Star comment: Commonwealth Games a unique opportunity on our doorstep

A chance for our entire region to sell itself to the world.

There are 50 days to go before the Commonwealth Games start.

We can look forward positively to an event that will bring people together, just as the jubilee brought joy and happiness to huge numbers.

The Games are being held in Birmingham but they are not merely a celebration for the Second City. The Commonwealths are for the region as a whole and events will stretch out to Staffordshire and the Black Country.

Youngsters from Lichfield and Much Wenlock, Bloxwich and Ludlow will be inspired as stars of track and field descend on the West Midlands while a cultural celebration also takes place.

Tens of thousands of visitors will be heading into the West Midlands from surrounding counties like Worcestershire, Herefordshire and Cheshire, in addition to huge numbers who will come from further afield.

Those visitors will bring spending power that will boost the local economy at a time when it needs all the help it can get.

The Games were hastily agreed and have been hit by Covid, so credit needs to go to organisers who have kept it on track. It is a chance for our entire region to sell itself to the world. It is also a unique opportunity to see a global tournament happen on our doorstep. It is a huge logistical exercise. Now is the time to look forward to the Games and get behind it.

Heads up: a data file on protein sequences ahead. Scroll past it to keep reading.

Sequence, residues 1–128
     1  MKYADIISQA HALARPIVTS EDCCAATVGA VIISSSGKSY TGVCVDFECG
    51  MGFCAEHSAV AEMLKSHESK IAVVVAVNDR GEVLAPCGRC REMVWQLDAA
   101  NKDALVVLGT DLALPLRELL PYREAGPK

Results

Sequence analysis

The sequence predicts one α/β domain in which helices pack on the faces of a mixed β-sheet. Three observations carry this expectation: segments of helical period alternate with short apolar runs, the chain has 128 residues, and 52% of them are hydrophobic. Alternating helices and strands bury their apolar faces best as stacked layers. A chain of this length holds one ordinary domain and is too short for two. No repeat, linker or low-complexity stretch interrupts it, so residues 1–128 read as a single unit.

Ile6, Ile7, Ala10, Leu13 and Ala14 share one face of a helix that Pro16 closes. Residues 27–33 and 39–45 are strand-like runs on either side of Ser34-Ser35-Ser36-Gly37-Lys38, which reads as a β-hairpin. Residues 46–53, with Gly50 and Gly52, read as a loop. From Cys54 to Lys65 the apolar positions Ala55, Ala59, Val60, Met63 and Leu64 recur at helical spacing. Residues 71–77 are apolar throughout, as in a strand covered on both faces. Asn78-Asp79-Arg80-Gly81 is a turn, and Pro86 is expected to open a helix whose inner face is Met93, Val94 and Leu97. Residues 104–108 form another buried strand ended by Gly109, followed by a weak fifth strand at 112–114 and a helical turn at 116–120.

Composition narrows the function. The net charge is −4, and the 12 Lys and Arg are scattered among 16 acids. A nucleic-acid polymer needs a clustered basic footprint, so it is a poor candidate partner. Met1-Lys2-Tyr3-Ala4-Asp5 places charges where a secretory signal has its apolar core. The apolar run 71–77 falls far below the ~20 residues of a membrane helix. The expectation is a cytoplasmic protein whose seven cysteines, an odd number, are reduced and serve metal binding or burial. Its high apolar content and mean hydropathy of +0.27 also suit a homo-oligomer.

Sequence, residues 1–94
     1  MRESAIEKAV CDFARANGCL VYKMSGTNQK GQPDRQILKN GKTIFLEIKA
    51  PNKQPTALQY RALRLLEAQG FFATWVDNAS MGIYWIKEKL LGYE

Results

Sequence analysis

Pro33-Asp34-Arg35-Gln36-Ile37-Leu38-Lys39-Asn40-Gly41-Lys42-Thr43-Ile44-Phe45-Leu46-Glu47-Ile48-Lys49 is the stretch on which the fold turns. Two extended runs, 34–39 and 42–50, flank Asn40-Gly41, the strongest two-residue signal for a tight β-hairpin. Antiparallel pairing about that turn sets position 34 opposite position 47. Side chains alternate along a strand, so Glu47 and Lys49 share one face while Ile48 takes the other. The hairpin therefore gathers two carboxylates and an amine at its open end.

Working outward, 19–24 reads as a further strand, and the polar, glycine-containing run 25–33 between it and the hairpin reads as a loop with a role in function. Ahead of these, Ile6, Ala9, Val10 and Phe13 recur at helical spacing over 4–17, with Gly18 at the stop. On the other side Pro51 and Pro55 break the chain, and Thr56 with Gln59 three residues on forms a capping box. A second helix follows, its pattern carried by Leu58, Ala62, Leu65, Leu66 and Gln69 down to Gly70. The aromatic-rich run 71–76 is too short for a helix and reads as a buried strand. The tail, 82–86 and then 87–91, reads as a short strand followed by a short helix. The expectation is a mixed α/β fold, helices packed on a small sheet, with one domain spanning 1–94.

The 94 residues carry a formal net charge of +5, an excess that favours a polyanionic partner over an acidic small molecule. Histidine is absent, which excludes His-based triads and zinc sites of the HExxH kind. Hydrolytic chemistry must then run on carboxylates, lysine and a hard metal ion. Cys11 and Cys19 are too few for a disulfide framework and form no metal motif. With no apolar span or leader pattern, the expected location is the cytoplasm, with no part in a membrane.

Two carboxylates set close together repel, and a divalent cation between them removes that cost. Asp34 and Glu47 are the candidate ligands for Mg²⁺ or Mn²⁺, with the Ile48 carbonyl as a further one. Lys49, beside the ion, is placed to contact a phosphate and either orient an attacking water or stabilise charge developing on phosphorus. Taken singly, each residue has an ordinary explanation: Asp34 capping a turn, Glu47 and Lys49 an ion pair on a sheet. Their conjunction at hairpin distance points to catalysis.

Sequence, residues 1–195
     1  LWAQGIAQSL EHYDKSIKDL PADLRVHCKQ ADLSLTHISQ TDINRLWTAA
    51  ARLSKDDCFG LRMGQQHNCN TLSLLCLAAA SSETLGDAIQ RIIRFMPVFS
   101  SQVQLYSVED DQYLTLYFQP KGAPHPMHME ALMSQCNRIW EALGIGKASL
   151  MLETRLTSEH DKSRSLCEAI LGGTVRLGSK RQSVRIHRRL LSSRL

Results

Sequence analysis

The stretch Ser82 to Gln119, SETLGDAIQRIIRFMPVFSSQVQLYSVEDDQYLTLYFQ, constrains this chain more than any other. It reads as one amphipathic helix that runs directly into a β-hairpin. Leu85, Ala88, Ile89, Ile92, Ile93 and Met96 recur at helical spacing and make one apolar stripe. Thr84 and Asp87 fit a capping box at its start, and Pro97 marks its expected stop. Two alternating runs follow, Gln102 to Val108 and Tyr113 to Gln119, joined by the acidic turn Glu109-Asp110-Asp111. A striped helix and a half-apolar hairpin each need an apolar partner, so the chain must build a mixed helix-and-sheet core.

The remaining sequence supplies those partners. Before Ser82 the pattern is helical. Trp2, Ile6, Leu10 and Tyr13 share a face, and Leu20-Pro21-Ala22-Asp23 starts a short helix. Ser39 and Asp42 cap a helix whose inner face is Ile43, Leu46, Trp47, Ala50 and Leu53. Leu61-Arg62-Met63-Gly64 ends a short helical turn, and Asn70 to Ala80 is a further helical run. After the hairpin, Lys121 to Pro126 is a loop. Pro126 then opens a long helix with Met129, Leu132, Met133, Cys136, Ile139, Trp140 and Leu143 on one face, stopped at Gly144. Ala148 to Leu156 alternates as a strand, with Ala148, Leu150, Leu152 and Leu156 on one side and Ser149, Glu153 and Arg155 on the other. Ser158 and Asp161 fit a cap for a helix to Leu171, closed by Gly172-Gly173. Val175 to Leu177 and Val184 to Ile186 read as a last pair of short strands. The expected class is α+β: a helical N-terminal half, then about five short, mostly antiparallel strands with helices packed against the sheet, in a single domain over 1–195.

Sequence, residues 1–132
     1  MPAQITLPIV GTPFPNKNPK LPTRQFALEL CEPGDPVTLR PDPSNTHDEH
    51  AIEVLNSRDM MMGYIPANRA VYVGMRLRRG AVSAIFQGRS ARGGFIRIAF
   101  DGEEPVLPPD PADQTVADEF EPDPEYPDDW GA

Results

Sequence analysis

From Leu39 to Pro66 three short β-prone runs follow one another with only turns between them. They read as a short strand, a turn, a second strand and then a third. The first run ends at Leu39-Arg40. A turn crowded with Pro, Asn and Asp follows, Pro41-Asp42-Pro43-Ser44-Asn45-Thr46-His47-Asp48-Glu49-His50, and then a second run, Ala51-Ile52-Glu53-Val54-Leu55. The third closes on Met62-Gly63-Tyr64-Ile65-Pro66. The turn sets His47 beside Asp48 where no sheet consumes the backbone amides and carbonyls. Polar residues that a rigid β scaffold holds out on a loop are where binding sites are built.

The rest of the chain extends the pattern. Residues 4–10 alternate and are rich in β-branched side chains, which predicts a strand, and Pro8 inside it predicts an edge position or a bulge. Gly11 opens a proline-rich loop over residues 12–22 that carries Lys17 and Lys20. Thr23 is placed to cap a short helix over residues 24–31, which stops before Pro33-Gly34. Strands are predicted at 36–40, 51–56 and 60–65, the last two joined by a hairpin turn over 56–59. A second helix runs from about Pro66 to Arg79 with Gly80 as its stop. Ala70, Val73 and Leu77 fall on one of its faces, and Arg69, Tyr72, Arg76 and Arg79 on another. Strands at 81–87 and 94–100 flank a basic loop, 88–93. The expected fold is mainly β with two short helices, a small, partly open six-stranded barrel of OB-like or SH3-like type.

We have seen the positive benefits that arose when the jubilee brought us altogether. Now we should look ahead with optimism, enthusiasm and glee to a spectacular Commonwealth Games.

Anyone going to university, or sending their child to university, should carefully consider their options before making that commitment. A report today talks of a very high proportion of loneliness among students, many of whom will be away from home for the first time.

It can be a bewildering experience, especially in the first few weeks of a new challenge at university. But many halls of residence are simply not set up to be communal or to encourage the mixing of students.

Students in poorly designed halls of residence can be shut away in a room with no access to other students and struggling to form new friendships. And yet, effective pastoral support is often missing too for students at risk of poor mental health.

Any parent of a new student will be aware of this issue.

Yet too many universities seem oblivious and do little or nothing to help.

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